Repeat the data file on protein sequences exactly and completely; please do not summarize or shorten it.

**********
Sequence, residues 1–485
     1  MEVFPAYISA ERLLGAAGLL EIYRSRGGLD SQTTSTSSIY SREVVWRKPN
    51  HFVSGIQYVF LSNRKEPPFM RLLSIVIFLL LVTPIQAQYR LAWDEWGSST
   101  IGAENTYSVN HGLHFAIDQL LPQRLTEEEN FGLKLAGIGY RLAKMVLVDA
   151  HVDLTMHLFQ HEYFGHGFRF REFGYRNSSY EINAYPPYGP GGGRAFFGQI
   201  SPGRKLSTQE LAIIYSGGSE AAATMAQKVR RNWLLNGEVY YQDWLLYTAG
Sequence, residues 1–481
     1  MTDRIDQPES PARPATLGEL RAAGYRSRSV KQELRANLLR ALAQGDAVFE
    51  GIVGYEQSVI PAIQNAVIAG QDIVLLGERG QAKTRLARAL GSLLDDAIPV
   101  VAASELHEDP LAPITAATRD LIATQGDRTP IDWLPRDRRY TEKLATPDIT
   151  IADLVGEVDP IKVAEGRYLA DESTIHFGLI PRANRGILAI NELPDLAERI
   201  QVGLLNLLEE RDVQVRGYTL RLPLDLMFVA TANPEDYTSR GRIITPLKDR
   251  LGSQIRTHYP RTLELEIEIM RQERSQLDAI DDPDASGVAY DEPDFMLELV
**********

Sequence, residues 1–485
     1  MEVFPAYISA ERLLGAAGLL EIYRSRGGLD SQTTSTSSIY SREVVWRKPN
    51  HFVSGIQYVF LSNRKEPPFM RLLSIVIFLL LVTPIQAQYR LAWDEWGSST
   101  IGAENTYSVN HGLHFAIDQL LPQRLTEEEN FGLKLAGIGY RLAKMVLVDA
   151  HVDLTMHLFQ HEYFGHGFRF REFGYRNSSY EINAYPPYGP GGGRAFFGQI
   201  SPGRKLSTQE LAIIYSGGSE AAATMAQKVR RNWLLNGEVY YQDWLLYTAG
Sequence, residues 1–481
     1  MTDRIDQPES PARPATLGEL RAAGYRSRSV KQELRANLLR ALAQGDAVFE
    51  GIVGYEQSVI PAIQNAVIAG QDIVLLGERG QAKTRLARAL GSLLDDAIPV
   101  VAASELHEDP LAPITAATRD LIATQGDRTP IDWLPRDRRY TEKLATPDIT
   151  IADLVGEVDP IKVAEGRYLA DESTIHFGLI PRANRGILAI NELPDLAERI
   201  QVGLLNLLEE RDVQVRGYTL RLPLDLMFVA TANPEDYTSR GRIITPLKDR
   251  LGSQIRTHYP RTLELEIEIM RQERSQLDAI DDPDASGVAY DEPDFMLELV